930 F2d 29 United States v. Chapa

930 F.2d 29

Unpublished Disposition

NOTICE: Ninth Circuit Rule 36-3 provides that dispositions other than opinions or orders designated for publication are not precedential and should not be cited except when relevant under the doctrines of law of the case, res judicata, or collateral estoppel.

UNITED STATES of America, Plaintiff-Appellee,
Cesar Quiroz CHAPA, Defendant-Appellant.

No. 90-10325.

United States Court of Appeals, Ninth Circuit.

Argued and Submitted March 11, 1991.
Decided March 21, 1991.

Before CHAMBERS, BEEZER and NOONAN, Circuit Judges.

view counter




On August 29, 1989, a Federal Grand Jury indicted Thomas Medina Padilla and Cesar Quiroz Chapa on charges of conspiracy to distribute heroin, distribution of heroin, and possession with intent to distribute heroin. Chapa pleaded guilty to count one of the indictment which charged him with conspiracy to distribute and to possess with intent to distribute heroin in violation of 21 U.S.C. Secs. 841(a)(1) and 846. On May 24, 1990 the district court sentenced Chapa to 84 months imprisonment. We affirm.



On July 18, 1989, three undercover Sacramento police officers arranged to purchase a small quantity of heroin from Marilyn Lance in central Sacramento, California. After Lance phoned telephone pager number 326-6088, Cesar Chapa and Thomas Padilla arrived in a blue Toyota Corolla, license number 643ZGX, with Padilla driving and Chapa in the passenger seat. Padilla and Chapa delivered 0.39 grams of black tar heroin to Lance who then sold it to the agents.


On August 3, 1989, Lance phoned the same number; this time Padilla and Chapa arrived in a blue Chevrolet, license number 1CLX109, and delivered 0.92 grams of heroin to Lance who again sold it to an undercover agent. Lance also agreed to introduce the agent to her suppliers who were, according to Lance, major dealers with the best heroin in town.


The next day Lance gave the pager number to an undercover officer and instructed him how to order heroin. Lance then phoned the number and allowed the agent to talk to her supplier and order some heroin. Padilla soon arrived, by himself, in the blue Chevrolet and delivered 0.51 grams of heroin to the agent. Later that evening police again phoned the number and requested one gram of heroin; a short time later Chapa and Padilla arrived in the blue Chevrolet. An undercover officer handed Chapa $120 dollars; Chapa in return handed the officer approximately one gram of black tar heroin. Chapa and Padilla then departed in the Chevrolet.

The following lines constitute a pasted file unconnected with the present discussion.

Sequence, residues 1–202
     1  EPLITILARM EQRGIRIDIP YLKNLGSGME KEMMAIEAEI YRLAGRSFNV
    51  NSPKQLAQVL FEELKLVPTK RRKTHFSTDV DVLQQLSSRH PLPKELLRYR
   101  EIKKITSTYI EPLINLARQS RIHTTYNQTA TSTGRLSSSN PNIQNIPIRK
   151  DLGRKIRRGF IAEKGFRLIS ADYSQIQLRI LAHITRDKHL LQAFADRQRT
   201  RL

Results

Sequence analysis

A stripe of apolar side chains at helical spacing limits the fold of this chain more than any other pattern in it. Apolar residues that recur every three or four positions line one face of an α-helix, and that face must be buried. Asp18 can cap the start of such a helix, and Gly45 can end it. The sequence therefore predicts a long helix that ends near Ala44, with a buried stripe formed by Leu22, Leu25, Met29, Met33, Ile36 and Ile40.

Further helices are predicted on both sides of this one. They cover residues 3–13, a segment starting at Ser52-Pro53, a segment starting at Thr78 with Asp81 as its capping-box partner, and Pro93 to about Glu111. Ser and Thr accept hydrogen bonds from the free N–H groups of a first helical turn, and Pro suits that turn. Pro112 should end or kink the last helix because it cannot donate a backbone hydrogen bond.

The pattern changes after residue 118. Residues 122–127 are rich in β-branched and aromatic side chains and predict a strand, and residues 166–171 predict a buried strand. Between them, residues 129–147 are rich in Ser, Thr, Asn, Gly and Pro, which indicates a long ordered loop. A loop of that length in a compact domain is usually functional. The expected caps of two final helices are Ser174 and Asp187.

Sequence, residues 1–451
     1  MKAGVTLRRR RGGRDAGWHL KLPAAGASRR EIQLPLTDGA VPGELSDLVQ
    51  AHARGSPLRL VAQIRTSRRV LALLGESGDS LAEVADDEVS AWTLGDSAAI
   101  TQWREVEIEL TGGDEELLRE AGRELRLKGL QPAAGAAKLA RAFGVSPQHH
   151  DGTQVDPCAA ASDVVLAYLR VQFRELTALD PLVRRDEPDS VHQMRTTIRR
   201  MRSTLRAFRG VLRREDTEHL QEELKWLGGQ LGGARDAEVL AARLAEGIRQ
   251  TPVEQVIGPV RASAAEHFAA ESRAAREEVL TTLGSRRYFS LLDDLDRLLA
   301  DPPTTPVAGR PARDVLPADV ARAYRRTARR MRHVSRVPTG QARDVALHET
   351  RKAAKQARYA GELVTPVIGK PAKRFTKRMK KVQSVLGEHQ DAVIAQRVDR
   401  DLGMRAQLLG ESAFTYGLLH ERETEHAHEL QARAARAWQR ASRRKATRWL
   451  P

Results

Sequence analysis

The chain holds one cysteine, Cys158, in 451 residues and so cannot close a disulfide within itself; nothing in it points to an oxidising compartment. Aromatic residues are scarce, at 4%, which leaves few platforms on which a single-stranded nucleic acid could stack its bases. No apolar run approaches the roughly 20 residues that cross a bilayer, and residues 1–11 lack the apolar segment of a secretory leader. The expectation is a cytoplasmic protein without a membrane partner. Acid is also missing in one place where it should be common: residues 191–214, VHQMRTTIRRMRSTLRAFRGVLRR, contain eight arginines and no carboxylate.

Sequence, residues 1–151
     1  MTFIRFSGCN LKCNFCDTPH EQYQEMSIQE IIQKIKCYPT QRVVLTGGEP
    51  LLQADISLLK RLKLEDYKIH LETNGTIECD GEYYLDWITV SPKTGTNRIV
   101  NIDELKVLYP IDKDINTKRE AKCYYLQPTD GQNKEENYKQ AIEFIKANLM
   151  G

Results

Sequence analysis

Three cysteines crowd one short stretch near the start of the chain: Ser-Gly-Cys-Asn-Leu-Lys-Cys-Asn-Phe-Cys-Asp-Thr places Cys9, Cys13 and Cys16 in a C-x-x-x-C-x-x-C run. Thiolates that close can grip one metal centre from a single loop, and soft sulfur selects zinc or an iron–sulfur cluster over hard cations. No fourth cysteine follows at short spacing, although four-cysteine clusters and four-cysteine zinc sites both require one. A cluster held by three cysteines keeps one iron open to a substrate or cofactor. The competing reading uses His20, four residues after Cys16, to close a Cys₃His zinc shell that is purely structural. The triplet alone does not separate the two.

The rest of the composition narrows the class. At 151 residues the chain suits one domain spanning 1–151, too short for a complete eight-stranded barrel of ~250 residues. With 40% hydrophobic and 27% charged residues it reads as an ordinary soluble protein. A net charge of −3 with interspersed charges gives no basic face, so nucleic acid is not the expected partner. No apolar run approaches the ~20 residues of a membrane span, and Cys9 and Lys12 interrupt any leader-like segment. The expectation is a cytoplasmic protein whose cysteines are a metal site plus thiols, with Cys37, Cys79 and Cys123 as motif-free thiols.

Police subsequently stopped the Chevrolet and arrested Padilla and Chapa. Police found in the car nine grams of heroin, $776 dollars in cash, $120 in marked funds which the agent had given Chapa for the heroin, and a telephone pager with a different number than the one the agents had been using to order heroin from Chapa and Padilla. A search of Chapa and Padilla's apartment at 2501 Edison Avenue in Sacramento turned up no additional evidence.


The manager of the apartment complex told police that as of February 9, 1989, the lessee on record for Chapa's apartment was Eduardo Lupercio. A man named Eduardo Lupercio Ramirez also was the lessee of three different apartments which were being investigated by police: apartment 172 at 2025 West El Camino Avenue; apartment 184 at 1100 Howe Avenue; and apartment 217 at 2355 Oak Harbor Way.

view counter

As a result of a information gathered in a different investigation, Sacramento police obtained a search warrant for apartment 172 at 2025 West El Camino Avenue. On August 8, 1989, police served the warrant and arrested a man named Gabriel Rodriguez inside; Rodriguez was carrying a card bearing the address of the Howe Avenue apartment. In the search of the West El Camino apartment police seized 180 grams of heroin and two Ohaus scales. Police searched Rodriguez's white Ford Fiesta which was parked in the stall assigned to apartment 172 and found 92 grams of black tar heroin, 79 grams of cocaine, a fully loaded semiautomatic weapon, and six loaded magazines.